that many firms lease assets and also must make sinking fund payments. It is found
by adding EBITDA and lease payments then dividing this total by interest charges,
lease payments, and sinking fund payments over one minus the tax rate.
d. Profitability ratios are a group of ratios, which show the combined effects of liquidity,
asset management, and debt on operations. The profit margin on sales, calculated by
dividing net income by sales, gives the profit per dollar of sales. Basic earning power
is calculated by dividing EBIT by total assets. This ratio shows the raw earning
power of the firm’s assets, before the influence of taxes and leverage. Return on total
assets is the ratio of net income to total assets. Return on common equity is found by
dividing net income into common equity.
Answers and Solutions: 8 - 6
e. Market value ratios relate the firm’s stock price to its earnings and book value per
share. The price/earnings ratio is calculated by dividing price per share by earnings
per share--this shows how much investors are willing to pay per dollar of reported
profits. The price/cash flow is calculated by dividing price per share by cash flow per
share. This shows how much investors are willing to pay per dollar of cash flow.
Market-to-book ratio is simply the market price per share divided by the book value
per share. Book value per share is common equity divided by the number of shares
f. Trend analysis is an analysis of a firm’s financial ratios over time. It is used to
estimate the likelihood of improvement or deterioration in its financial situation.
Comparative ratio analysis is when a firm compares its ratios to other leading
companies in the same industry. This technique is also known as benchmarking.
g. The Du Pont equation is a formula, which shows that the rate of return on assets can
be found as the product of the profit margin times the total assets turnover. Window
dressing is a technique employed by firms to make their financial statements look
better than they really are. Seasonal factors can distort ratio analysis. At certain
times of the year a firm may have excessive inventories in preparation of a “season”
of high demand. Therefore an inventory turnover ratio taken at this time as opposed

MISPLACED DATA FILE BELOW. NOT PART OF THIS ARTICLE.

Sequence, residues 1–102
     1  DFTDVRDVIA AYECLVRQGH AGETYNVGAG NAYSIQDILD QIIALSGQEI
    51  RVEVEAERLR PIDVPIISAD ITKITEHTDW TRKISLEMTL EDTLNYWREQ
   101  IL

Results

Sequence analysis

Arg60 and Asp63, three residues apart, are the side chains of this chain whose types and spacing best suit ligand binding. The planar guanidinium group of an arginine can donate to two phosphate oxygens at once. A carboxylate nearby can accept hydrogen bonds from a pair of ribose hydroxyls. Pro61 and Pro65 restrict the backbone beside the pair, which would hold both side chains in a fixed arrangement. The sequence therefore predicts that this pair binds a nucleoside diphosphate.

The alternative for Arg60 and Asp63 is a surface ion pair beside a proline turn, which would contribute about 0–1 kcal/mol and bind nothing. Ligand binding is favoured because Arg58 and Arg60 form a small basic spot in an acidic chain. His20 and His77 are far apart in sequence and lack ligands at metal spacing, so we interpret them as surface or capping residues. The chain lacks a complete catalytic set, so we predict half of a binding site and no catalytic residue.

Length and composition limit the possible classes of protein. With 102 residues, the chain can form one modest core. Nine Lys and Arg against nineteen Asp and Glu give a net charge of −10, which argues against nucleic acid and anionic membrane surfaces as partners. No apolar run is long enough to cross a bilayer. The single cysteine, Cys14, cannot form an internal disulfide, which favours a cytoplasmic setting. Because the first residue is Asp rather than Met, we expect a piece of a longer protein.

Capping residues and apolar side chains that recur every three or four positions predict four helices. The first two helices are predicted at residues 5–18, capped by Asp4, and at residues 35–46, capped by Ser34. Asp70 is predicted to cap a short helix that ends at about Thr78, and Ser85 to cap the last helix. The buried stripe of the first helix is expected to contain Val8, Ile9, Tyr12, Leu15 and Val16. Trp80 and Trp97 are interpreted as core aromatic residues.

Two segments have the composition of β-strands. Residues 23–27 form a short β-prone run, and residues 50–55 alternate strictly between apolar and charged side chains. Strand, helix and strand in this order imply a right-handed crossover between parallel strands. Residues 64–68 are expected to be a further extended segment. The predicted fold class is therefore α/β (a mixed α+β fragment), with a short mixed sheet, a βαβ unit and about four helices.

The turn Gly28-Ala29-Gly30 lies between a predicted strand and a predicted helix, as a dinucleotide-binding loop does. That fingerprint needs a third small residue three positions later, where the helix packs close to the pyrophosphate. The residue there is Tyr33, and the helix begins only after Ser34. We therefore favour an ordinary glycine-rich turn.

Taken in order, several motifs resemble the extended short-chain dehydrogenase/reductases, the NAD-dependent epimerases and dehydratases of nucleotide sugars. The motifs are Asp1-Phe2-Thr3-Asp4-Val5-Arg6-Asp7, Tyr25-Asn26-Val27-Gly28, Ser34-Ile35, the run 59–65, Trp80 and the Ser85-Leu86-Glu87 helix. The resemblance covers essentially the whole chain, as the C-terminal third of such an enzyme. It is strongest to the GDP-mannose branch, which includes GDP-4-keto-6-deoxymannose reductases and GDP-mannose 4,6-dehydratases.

to after the season will be radically distorted.
8-2 The emphasis of the various types of analysts is by no means uniform nor should it be.
Management is interested in all types of ratios for two reasons. First, the ratios point out
weaknesses that should be strengthened; second, management recognizes that the other
parties are interested in all the ratios and that financial appearances must be kept up if the
firm is to be regarded highly by creditors and equity investors. Equity investors are
interested primarily in profitability, but they examine the other ratios to get information
on the riskiness of equity commitments. Long-term creditors are more interested in the
debt ratio, TIE, and fixed-charge coverage ratios, as well as the profitability ratios.
Short-term creditors emphasize liquidity and look most carefully at the liquidity ratios.
8-3 Given that sales have not changed, a decrease in the total assets turnover means that the
company’s assets have increased. Also, the fact that the fixed assets turnover ratio
remained constant implies that the company increased its current assets. Since the
company’s current ratio increased, and yet, its quick ratio is unchanged means that the
company has increased its inventories.
Answers and Solutions: 8 - 7
8-4 Differences in the amounts of assets necessary to generate a dollar of sales cause asset
turnover ratios to vary among industries. For example, a steel company needs a greater
number of dollars in assets to produce a dollar in sales than does a grocery store chain.